I only have eight ice baths to take for my month of Stoicism. They have not gotten easier or harder after the first week. There are some minor variations in water temperature, but overall I’ve gotten used to them. I know what to expect, and I could probably continue them indefinitely. Though there are probably some physical benefits to the ice bath (apparently it was once used as a treatment for depression). I find it most useful as a reminder to think about Stoic concepts.
The one habit I started up again this month that I will continue indefinitely is weight lifting three times a week in the morning before work.
When I was walking back from the gym today, I thought about Seneca’s letter to Lucilius titled “On brawn and brains.” Seneca did not believe we should spend too much time exercising.
It is indeed foolish, my dear Lucilius, and very unsuitable for a cultivated man, to work hard over developing the muscles and broadening the shoulders and strengthening the lungs. For although your heavy feeding produce good results and your sinews grow solid, you can never be a match, either in strength or in weight, for a first-class bull.
Not only can you never become as strong as a bull, it detracts from what truly matters, philosophy.
The mind must be exercised both day and night, for it is nourished by moderate labour. and this form of exercise need not be hampered by cold or hot weather, or even by old age. Cultivate that good which improves with the years.
I first started exercising in 8th grade. My family had just moved to the US from Korea. We were living in a long-term hotel and hadn’t found a place to live yet. As a result, we were eating much more fast food than usual. At 8th grade, I noticed I was getting chubby. So, I decided to start doing pushups and crunches every night. I did somewhere between 50 and a 100 pushups, and I eventually made it up to 2000 crunches. Yea, that’s right, 2000 crunches. It took a long time, but, I got kick ass abs out of my efforts.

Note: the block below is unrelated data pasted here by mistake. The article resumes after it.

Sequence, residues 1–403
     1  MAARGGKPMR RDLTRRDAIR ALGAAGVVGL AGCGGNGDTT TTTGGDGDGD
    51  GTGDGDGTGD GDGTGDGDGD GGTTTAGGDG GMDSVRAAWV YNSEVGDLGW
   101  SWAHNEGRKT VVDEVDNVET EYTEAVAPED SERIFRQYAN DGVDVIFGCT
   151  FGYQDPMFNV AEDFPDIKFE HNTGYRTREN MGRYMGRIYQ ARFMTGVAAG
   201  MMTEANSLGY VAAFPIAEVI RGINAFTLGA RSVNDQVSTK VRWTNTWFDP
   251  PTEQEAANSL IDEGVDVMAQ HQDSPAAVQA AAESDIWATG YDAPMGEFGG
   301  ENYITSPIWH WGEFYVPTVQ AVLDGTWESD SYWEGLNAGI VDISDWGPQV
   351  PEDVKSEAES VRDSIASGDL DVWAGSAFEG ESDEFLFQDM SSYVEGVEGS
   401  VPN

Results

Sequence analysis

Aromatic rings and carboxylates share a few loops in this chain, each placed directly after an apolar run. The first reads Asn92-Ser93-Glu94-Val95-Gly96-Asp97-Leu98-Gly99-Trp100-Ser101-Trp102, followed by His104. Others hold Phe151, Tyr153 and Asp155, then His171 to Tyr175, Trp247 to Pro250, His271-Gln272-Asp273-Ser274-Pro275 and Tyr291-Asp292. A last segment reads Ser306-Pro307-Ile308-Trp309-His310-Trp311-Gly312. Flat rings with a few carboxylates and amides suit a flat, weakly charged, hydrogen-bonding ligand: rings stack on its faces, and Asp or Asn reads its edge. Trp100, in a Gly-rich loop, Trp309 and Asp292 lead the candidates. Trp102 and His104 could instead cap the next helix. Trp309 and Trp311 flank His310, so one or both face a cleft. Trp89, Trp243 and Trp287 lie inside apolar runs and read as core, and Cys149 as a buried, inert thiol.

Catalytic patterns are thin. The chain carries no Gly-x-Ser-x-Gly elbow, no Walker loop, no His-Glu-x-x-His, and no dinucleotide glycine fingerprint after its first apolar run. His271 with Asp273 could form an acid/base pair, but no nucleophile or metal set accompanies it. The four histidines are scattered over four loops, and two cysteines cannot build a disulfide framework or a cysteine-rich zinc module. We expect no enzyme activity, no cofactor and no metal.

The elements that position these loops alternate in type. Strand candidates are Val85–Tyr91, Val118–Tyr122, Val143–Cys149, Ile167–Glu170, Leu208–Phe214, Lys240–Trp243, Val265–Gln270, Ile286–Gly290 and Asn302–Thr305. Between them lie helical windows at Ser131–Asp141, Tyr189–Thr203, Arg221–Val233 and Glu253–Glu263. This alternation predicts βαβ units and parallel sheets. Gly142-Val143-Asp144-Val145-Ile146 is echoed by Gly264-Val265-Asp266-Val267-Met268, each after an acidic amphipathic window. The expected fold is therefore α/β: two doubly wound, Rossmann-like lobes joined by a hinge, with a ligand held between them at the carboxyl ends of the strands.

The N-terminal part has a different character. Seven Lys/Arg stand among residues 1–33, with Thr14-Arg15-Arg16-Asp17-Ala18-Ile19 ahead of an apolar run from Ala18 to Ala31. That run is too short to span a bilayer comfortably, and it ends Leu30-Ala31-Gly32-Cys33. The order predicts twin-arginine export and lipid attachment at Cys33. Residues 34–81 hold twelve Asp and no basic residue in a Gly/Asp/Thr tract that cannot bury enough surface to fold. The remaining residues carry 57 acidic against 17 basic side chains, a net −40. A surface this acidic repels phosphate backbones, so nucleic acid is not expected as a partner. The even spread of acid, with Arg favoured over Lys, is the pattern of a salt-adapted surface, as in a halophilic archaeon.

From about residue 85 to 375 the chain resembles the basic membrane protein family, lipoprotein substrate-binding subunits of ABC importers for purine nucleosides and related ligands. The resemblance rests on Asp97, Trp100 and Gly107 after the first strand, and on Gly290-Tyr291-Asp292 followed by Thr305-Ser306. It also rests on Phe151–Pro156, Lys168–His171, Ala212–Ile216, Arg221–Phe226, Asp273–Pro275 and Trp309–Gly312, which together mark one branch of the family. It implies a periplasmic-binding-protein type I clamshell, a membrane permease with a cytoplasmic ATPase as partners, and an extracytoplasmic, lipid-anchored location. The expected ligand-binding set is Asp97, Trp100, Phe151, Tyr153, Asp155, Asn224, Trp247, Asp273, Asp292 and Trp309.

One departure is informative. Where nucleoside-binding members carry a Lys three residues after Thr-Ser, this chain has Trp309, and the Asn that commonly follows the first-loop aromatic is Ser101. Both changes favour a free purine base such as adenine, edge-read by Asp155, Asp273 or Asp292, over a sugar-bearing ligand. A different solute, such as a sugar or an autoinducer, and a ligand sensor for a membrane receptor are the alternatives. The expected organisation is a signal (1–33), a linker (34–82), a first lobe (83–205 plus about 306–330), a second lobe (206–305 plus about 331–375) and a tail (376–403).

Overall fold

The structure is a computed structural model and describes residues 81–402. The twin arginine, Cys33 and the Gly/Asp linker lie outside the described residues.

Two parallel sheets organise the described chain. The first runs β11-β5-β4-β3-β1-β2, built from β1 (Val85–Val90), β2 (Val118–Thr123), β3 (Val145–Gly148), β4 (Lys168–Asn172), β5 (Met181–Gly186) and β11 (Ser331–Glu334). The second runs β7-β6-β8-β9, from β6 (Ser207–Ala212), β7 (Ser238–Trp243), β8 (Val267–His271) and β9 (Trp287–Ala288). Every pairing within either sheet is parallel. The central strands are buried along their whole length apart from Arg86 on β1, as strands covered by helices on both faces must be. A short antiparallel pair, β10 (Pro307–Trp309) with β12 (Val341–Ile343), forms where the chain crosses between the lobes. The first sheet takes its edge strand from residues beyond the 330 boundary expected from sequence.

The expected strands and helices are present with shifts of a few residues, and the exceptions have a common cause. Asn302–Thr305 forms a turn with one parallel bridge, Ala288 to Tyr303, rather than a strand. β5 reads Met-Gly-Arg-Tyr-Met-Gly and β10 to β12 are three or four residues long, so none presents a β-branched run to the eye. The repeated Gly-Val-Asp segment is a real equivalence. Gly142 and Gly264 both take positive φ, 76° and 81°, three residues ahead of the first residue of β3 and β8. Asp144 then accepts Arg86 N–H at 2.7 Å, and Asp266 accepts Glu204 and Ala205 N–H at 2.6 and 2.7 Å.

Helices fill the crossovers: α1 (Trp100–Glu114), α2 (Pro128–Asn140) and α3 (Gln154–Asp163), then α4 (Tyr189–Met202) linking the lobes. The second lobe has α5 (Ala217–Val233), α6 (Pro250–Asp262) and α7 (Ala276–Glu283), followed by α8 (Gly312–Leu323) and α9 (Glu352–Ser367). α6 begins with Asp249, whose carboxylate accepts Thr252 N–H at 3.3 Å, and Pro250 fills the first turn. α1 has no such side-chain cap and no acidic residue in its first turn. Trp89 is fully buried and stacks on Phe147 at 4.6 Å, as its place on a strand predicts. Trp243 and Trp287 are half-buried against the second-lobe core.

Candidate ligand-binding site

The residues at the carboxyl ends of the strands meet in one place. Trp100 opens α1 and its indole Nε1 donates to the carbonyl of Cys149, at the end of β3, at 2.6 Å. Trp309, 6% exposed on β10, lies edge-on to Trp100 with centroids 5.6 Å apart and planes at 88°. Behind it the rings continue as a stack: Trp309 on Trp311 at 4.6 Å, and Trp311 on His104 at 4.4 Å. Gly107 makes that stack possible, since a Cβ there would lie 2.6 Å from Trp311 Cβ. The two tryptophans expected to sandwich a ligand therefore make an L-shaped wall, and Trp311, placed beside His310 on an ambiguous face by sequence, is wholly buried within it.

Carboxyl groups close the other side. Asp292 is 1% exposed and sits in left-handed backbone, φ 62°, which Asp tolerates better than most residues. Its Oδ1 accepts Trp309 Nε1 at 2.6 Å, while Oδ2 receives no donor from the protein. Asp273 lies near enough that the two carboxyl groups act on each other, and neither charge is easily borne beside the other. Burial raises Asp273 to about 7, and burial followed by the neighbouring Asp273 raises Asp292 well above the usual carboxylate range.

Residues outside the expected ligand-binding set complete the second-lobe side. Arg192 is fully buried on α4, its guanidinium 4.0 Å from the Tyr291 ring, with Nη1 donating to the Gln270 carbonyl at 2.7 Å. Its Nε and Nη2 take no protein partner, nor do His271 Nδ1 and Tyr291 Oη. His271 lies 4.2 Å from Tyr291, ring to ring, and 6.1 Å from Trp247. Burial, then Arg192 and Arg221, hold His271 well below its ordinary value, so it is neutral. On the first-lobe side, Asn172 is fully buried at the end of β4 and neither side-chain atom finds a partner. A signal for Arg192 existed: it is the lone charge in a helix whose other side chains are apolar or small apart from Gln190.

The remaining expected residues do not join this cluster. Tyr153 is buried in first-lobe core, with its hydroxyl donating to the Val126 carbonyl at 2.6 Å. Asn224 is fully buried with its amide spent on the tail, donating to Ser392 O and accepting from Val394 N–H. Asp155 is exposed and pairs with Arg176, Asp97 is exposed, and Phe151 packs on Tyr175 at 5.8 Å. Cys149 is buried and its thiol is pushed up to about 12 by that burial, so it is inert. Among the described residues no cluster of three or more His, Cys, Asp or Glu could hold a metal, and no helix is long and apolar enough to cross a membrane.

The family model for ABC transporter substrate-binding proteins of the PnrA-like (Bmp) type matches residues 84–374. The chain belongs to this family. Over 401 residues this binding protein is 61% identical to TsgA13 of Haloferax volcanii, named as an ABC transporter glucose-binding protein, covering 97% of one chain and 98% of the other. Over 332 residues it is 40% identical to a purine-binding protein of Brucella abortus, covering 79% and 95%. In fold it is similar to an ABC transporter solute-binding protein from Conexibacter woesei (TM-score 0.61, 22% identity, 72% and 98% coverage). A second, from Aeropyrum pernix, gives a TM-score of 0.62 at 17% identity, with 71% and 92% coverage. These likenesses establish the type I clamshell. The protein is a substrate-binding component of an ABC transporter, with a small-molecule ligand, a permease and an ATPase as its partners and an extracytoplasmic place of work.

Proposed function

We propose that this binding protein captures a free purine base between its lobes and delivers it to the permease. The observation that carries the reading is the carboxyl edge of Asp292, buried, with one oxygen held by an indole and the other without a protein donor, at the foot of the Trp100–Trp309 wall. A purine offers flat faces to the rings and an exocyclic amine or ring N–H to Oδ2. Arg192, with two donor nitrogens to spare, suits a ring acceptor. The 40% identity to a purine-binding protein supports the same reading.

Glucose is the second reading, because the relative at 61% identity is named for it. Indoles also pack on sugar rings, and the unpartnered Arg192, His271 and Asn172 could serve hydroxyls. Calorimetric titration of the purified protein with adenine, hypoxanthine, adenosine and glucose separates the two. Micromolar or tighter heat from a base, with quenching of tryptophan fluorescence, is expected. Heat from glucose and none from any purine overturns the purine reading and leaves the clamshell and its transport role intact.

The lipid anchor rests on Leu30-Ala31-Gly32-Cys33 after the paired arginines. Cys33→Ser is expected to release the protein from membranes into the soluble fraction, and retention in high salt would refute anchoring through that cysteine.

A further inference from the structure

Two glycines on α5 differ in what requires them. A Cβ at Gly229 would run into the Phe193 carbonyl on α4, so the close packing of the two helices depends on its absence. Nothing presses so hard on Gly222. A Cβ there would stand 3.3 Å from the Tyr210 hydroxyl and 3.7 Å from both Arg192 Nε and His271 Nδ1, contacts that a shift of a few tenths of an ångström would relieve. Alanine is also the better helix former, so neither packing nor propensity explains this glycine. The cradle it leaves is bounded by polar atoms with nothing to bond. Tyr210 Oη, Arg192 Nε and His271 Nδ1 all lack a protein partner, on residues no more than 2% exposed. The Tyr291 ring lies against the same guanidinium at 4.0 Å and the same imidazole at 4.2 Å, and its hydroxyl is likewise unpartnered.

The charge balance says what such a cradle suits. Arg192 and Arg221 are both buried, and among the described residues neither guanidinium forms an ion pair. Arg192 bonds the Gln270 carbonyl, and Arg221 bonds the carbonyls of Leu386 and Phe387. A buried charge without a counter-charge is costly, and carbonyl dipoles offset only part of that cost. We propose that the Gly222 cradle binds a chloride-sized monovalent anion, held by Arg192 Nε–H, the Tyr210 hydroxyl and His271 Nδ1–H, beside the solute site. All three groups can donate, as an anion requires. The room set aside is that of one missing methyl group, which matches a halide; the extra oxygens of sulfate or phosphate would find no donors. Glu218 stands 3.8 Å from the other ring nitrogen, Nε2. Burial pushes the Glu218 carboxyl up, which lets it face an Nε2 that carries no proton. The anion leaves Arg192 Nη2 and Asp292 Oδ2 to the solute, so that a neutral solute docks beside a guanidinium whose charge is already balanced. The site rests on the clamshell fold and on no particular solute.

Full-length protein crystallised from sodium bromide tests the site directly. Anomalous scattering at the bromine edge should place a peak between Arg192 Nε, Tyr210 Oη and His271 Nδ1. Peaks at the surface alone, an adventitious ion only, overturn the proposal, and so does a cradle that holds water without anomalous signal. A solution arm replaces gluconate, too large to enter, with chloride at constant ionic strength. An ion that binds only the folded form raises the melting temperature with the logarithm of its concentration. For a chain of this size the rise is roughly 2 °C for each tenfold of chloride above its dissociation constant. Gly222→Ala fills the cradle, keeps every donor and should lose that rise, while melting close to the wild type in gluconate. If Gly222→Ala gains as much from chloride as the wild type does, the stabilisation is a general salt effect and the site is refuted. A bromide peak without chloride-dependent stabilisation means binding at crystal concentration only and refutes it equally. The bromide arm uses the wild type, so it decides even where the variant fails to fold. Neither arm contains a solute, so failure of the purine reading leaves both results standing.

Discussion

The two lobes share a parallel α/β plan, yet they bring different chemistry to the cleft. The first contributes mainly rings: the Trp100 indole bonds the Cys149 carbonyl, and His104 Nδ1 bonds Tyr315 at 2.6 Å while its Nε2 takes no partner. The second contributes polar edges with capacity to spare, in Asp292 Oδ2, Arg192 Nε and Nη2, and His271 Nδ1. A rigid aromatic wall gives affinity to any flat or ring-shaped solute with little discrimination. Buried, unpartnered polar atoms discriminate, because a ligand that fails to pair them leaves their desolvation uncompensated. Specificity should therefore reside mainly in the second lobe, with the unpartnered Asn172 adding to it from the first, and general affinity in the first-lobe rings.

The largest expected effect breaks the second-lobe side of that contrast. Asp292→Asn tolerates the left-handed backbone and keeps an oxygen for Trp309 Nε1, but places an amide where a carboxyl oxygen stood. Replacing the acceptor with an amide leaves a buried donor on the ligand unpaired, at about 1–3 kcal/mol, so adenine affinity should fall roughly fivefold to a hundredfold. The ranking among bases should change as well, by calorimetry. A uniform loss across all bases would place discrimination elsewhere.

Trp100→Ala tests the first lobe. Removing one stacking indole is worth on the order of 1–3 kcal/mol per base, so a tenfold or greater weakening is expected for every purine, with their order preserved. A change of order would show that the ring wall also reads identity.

In high school, I became even more interested in diet and fitness. I started running and lifting weights. I started reading fitness magazines, which at the time advocated eating 6 times a day, focusing on carbs and protein. I packed a huge lunch box filled with apples, sandwiches, and soup and would eat pieces of my giant meal during my classes, you know, to keep my metabolism going.
In college I was training to be a SEAL, so much of my mental and physical energy was dedicated to working our or thinking about working out. I got in pretty good shape too. I could do many pushups and pull-ups.
Over the past few years, my weight has fluctuated and my exercise routine has changed. I go through periods of obsession where I’m following various low carb or fasting protocols and check online forums to make sure my progress or lack of progress is normal. I read the “bro science” about the best times to drink protein shakes (apparently before your workout) and the amount of time you can fast before you go into survival mode (72 hours).
It takes a lot of mental energy to focus on these things, and for what? I do it mostly out of vanity. I want to look good for others, which the Stoics would not approve of. Working out beyond the minimum necessary to maintain good health is pure vanity.
Western society makes it really hard not to focus on how physically attractive you are, or rather, they make it easier to see your physical flaws.
This Planet Fitness commercial captures that sentiment really well:
So, instead of paying $200 a month for the latest fad workout (Crossfit, looking at you), we should embrace something more like the NYT 7-minute workout (yes, I know this is a fad too). Instead of fretting about which foods are Paleo-friendly , we should implement the Japanese practice of Hara Hachi Bu, or eating until you are 80% full.
I’ll have to do a better job of minimizing the time I spend on thinking about diet and exercise. Then I can focus on what truly matters, cultivating my virtues.